The author, a brand new 2011 graduate of the University of Southern California Law School, argues that the ban on payments should be lifted because it would offer greater incentives for people to donate and increase the possibility that those needing transplants  would find a suitable donor.

It seems, at least in my opinion,  that the underlying issue is not really an ethical one or the concern for access to treatment.  Rather, it is what kind of market can be created for stem cells and who is going to profit from their use.  At present, I am in favor of the prohibition on compensation under NOTA which keeps the US in conformity with international standards.

That prohibition does not mean that there is not an active market in some types of stem cells, however.  There are currently more than 150 companies involved in some manner in the stem cell market, some of which are publicly traded, and  which offer a wide variety on ways to enter the stem cell market.  Aastrom Biosciences, for instance is developing technology intended to help umbilical cord and bone marrow stem cells to replicate.  Some companies like Geron have been working for several years developing therapies based on the controversial use of embryonic stem cells.  Others, like Pluristem Therapeutics, Inc., have made advances utilizing less controversial placental stem cells.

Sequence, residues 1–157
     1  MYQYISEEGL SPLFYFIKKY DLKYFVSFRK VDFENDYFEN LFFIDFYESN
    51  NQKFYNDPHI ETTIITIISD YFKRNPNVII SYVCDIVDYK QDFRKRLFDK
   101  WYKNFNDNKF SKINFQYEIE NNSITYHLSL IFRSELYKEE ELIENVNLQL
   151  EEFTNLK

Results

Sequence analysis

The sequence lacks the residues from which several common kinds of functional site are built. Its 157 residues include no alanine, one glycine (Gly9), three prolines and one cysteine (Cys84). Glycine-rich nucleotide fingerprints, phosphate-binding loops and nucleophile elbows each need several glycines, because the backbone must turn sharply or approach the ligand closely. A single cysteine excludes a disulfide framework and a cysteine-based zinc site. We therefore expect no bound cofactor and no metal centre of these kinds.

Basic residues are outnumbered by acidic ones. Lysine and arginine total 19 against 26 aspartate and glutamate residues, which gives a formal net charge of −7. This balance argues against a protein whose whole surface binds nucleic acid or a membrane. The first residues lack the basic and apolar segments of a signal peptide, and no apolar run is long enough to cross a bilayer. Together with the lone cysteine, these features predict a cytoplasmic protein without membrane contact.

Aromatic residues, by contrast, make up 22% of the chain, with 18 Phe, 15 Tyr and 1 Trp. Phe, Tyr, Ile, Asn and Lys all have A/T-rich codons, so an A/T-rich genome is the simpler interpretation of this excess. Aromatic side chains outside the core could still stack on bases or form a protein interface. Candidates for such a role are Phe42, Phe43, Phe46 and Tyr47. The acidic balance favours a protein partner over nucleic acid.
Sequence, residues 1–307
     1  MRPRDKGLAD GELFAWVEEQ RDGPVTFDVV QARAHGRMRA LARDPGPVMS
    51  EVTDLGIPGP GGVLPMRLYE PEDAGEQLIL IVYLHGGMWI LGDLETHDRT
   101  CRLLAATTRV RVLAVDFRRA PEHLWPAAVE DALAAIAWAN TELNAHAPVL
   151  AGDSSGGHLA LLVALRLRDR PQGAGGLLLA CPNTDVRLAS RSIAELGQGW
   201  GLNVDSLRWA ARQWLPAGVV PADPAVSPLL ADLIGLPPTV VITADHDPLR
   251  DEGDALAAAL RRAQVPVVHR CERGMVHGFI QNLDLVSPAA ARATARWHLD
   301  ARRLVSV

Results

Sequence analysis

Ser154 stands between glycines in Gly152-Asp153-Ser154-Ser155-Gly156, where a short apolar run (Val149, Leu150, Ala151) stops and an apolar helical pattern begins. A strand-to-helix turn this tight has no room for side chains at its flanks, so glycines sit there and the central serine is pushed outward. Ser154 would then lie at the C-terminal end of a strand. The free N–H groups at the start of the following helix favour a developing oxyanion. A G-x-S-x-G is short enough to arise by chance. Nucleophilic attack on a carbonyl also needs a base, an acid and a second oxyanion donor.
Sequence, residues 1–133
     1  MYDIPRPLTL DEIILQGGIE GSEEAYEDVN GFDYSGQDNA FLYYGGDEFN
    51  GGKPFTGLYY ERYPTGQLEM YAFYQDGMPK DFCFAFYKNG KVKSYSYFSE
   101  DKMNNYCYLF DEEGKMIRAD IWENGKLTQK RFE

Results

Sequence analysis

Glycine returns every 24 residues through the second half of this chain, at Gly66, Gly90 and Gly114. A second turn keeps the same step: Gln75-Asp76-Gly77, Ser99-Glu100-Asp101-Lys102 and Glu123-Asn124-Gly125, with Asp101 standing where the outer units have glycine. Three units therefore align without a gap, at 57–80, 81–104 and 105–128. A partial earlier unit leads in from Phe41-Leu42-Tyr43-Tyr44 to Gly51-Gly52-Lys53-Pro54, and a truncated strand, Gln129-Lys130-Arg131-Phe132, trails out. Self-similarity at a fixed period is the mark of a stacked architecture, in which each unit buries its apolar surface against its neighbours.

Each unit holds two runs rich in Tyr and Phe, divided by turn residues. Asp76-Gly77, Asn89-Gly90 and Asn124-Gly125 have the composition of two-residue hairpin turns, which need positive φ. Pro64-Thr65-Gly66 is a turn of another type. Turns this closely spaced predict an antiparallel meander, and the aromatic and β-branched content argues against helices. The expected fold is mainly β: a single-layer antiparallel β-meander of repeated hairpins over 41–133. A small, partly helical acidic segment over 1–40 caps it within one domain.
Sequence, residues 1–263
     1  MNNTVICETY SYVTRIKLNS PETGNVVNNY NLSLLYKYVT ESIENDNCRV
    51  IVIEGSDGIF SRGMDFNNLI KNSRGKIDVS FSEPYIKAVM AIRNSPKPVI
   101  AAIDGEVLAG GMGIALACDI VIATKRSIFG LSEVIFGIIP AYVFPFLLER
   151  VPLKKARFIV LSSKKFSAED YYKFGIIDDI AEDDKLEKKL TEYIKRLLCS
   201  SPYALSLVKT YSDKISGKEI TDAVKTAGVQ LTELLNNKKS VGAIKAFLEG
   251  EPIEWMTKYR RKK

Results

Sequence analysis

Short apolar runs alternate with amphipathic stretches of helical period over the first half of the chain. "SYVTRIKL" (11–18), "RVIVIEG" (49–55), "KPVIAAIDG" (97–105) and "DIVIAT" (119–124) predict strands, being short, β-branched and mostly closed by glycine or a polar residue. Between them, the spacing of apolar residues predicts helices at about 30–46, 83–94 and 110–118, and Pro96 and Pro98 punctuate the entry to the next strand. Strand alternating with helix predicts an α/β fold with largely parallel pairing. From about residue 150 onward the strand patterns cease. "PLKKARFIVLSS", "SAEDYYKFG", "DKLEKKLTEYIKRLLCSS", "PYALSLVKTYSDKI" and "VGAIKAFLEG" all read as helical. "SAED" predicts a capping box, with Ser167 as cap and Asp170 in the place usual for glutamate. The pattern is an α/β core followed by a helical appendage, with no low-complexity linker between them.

I am not in any way recommending any kind of investment in any of these companies (though, in the interest of fair disclosure, I want to say that I own a small amount of stock in Pluristem).  I merely want to point out, with examples, that there is already an active market in stem cells.  Payment to stem cell donors, if permitted, would eventually increase the scope of that market.  However, unless such payment becomes an accepted international practice, it seems a bad idea.


Houston: We Have Engraftment

Houston:  We Have Engraftment


I have been waiting for a few days to post this.  As you may have noticed from prior posts, I like to at least try to understand some of the science behind the stem cell or bone marrow transplant process.  I believe that it has been established scientifically that if you write or speak about something good too soon it could jinx anyone involved in the process.  As a student of science, I did not want that to happen.